Weighted Average Cost of Capital (WACC)

The average cost of a particular fund can be used to define the cost of capital, which is the total composite cost of capital. The term “weighted average cost of capital” (WACC) refers to the cost of borrowing from several sources, with each source’s market value serving as the weight. The returns that each investor expects to receive are referred to as the cost of various sources of finance.

The average cost of a company’s financing (stock, debentures, bank loans) weighted in accordance with the contribution each component makes to the total pool of capital is known as the “weighted average cost of capital.” Normal weighting is determined by market valuation, current yields, and costs after taxes.

Weighted Average Cost of Capital vs Specific Cost of Capital

A company can get funds from a number of sources. The cost of capital for each source of capital varies due to the variances in risk and the contractual arrangements between the company and investors. Component or specific cost of capital refers to the cost of capital for each source of funding.

The overall or average cost of capital is the total cost of all capital sources. To get the average cost of capital, the component costs are added together based on the weight assigned to each component of capital. As a result, the whole cost is often known as the weighted average cost of capital (WACC).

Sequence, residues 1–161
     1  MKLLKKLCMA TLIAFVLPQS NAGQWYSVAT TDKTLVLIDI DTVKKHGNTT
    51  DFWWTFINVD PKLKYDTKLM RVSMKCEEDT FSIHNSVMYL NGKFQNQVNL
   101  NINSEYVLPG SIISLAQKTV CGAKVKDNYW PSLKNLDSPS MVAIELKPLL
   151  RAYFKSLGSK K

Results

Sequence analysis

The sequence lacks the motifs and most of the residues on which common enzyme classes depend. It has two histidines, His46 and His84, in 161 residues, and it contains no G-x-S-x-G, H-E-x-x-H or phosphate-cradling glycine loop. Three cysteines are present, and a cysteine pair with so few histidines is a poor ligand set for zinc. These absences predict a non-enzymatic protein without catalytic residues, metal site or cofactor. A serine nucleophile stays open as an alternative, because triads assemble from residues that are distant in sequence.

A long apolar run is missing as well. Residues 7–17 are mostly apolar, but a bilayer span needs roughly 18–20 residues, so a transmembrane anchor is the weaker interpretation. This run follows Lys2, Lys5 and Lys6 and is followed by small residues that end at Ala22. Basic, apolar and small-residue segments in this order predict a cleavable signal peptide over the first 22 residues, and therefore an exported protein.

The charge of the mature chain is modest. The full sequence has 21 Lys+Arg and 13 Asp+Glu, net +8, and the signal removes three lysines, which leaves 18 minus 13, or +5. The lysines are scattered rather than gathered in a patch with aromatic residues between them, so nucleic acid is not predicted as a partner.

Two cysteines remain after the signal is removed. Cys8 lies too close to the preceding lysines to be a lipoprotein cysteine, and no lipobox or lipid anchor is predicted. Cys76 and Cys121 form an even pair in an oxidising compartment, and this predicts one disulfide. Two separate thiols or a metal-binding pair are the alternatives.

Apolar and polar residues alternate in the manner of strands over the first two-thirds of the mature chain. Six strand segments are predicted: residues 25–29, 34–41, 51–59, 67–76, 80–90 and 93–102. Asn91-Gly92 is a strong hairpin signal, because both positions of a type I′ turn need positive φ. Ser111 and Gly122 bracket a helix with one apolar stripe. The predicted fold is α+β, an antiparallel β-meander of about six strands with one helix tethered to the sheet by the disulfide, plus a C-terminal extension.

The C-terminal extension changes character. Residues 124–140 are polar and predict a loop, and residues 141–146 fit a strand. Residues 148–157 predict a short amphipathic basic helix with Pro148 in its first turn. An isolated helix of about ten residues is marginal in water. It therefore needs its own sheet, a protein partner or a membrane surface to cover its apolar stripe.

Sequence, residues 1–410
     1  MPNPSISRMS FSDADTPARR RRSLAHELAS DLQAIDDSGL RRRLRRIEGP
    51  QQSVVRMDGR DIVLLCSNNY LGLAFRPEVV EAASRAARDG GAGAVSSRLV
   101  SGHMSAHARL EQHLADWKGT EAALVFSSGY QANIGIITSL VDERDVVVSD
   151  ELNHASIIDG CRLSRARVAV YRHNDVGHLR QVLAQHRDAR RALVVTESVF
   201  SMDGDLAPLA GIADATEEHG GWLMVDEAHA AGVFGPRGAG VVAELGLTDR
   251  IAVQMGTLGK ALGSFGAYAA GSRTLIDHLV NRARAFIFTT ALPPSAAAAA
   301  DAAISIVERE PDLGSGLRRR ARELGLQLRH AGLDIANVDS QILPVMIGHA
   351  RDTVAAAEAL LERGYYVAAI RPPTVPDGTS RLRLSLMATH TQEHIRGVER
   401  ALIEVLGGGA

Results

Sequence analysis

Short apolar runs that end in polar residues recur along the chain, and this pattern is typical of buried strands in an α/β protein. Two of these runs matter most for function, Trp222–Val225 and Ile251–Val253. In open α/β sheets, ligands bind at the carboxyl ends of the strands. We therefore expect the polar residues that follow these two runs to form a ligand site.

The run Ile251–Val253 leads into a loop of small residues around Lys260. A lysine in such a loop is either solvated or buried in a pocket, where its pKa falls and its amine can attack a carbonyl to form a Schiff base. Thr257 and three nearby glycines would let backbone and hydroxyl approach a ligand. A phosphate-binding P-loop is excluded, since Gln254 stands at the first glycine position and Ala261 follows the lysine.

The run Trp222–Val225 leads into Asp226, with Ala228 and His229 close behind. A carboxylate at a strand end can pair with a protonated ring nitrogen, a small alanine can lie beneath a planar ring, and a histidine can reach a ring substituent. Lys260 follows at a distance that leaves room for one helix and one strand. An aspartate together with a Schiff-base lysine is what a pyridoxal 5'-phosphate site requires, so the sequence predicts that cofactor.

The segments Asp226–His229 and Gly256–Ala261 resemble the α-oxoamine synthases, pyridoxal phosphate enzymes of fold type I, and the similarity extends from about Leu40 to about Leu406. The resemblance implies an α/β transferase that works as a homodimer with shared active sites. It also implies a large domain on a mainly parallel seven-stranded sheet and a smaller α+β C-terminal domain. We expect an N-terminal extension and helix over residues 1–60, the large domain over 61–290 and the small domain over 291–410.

Importance of Weighted Average Cost of Capital (WACC)

The firm’s overall cost of capital is crucial since it will be used to evaluate capital budgeting plans as the discount or cut-off rate. The rate of return that the company must achieve in order to meet the demands of the various investors can be used to define the overall cost of capital. Thus, the minimum required rate of return on the firm’s assets is equal to the overall cost of capital.

Calculation of the Weighted Average Cost of Capital (WACC)

The proportional share of various sources in the firm’s capital structure should be taken into account by this total cost of capital. As a result, the weighted average of the various individual costs of capital should be used to calculate the total cost of capital rather than the simple average.

The stages involved in determining the firm’s WACC are as follows:

  • Determine the cost of particular funding sources.
  • Multiply each source’s cost by the capital structure’s share of it.
  • To calculate the WACC, add the weighted component costs.

The cost of capital should be determined on an after-tax basis when making financial decisions. So the after-tax costs should be the component costs.

The following formula is used to calculate the WACC:

WACC = (Cost of equity X % equity) + (cost of debt X % debt) + (Cost of equity X % equity)


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